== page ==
A new study from Bradley Hospital and The Warren Alpert Medical School of Brown University, as well as two other institutions, adds to mounting evidence that clinicians consider irritability as a symptom when diagnosing pediatric bipolar disorder.
Reporting in the July issue of the Journal of the American Academy of Child and Adolescent Psychiatry, researchers say a small percentage of children with bipolar disorder experience manic episodes without extreme elation – one of the hallmarks of the disorder – and are diagnosed based on irritable mood alone.
"Diagnosing children with bipolar disorder is challenging. One of the chief controversies is whether irritability should be included among the criteria for this diagnosis because it can also overlap with a number of other psychiatric disorders, such as attention deficit hyperactivity disorder," says lead author Jeffrey Hunt, MD, a child psychiatrist and training director at Bradley Hospital. "Our findings confirm that while irritable-only mania is uncommon, it does exist – particularly in younger children – and should be considered in a bipolar diagnosis."
Bipolar disorder is characterized by dramatic mood swings from euphoria, elation and irritability – the manic phase of the disorder – to severe depression. Bipolar disorder often begins in late adolescence or early adulthood, although it can develop as early as the preschool years. Recent studies have shown that the number of children and teens being treated for bipolar disorder has grown dramatically in the last decade. Although it is unclear what has caused this increase, experts believe it may be due in part to more aggressive diagnoses by physicians and a greater awareness of pediatric bipolar disorder in the medical community.
Hunt and colleagues studied 361 children between the ages of 7 and 17 with bipolar disorder participating in the multi-site Course and Outcome of Bipolar Illness in Youth (COBY) study at Bradley Hospital and Alpert Medical School, the University of Pittsburgh and the University of California-Los Angeles. COBY is the largest and most comprehensive study of children and adolescents with bipolar disorder to date.
Researchers quantified the frequency and severity of manic symptoms of each participant, including whether irritability and elation were present. Based on this data, the group was then reclassified into three subgroups: elation-only, irritable-only and both elated and irritable.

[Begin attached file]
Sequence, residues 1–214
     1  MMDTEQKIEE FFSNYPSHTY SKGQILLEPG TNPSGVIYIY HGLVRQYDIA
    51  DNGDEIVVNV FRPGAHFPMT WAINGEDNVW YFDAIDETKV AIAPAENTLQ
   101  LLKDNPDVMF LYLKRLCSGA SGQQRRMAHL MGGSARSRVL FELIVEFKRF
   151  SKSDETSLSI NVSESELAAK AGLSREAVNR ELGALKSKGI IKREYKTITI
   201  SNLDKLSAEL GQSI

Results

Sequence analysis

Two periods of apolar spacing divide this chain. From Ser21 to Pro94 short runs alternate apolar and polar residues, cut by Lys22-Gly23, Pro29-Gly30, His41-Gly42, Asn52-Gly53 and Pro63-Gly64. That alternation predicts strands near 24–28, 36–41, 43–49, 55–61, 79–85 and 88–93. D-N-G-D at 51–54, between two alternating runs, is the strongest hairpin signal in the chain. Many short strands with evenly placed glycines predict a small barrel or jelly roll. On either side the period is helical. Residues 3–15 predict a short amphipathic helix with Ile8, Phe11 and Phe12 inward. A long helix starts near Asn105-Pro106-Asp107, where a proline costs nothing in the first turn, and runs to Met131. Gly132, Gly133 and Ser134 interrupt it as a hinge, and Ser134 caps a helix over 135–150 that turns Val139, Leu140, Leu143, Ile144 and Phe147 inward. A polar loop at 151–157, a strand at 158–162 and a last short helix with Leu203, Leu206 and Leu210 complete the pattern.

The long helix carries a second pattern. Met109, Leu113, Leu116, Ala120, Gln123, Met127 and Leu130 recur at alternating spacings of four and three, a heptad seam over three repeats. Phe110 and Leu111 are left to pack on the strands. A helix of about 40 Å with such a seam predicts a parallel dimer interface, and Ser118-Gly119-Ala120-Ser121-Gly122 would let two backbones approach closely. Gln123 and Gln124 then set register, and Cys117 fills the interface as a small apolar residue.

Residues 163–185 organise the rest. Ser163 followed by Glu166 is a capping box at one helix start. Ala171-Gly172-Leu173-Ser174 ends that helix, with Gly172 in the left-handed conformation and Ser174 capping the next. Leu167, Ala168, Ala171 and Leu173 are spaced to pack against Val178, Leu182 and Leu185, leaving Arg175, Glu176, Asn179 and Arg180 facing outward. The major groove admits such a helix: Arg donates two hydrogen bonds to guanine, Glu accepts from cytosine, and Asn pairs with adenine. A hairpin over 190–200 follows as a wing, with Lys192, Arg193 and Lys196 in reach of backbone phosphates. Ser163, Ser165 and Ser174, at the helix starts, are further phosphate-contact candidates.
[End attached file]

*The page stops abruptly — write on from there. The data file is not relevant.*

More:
Approximately 10 percent of children fell into the irritable-only category, while elated-only constituted about 15 percent. Nearly three-quarters experienced both elation and irritability. The irritable-only participants were significantly younger in age than the other two groups; however, there were no other sociodemographic differences between the groups. There were also no significant differences in terms of bipolar subtype, rate of psychiatric comorbidities, severity and duration of illness, and family history of mania and other psychiatric disorders. However, depression and alcohol abuse in second-degree relatives occurred more frequently in the irritable-only subgroup.
"The fact that the irritable-only and elation-only subgroup had similar clinical characteristics and family histories of bipolar disorder provides support for continuing to consider episodic irritability in the diagnosis of pediatric bipolar disorder," says Hunt, who is an assistant professor of psychiatry and human behavior at Alpert Medical School. Hunt is also training director of the child and adolescent fellowship and triple board residency programs.
The authors say continual, long-term follow-up of this study sample will help clarify whether the presence or predominance of elation or irritability at baseline will predict future clinical outcomes.
The research was funded by a grant from the National Institute of Mental Health. Study co-authors include Jennifer Dyl and the late Henrietta Leonard from Bradley Hospital and Alpert Medical School; Christianne Esposito-Smythers, Martin Keller, Lance Swenson and Robert Stout from Alpert Medical School; Boris Birmaher, David Axelson, Neal Ryan, Benjamin Goldstein, Tina Goldstein, MaryKay Gill and Mei Yang from the University of Pittsburgh Medical Center; and Michael Strober from the David Geffen School of Medicine, University of California at Los Angeles.
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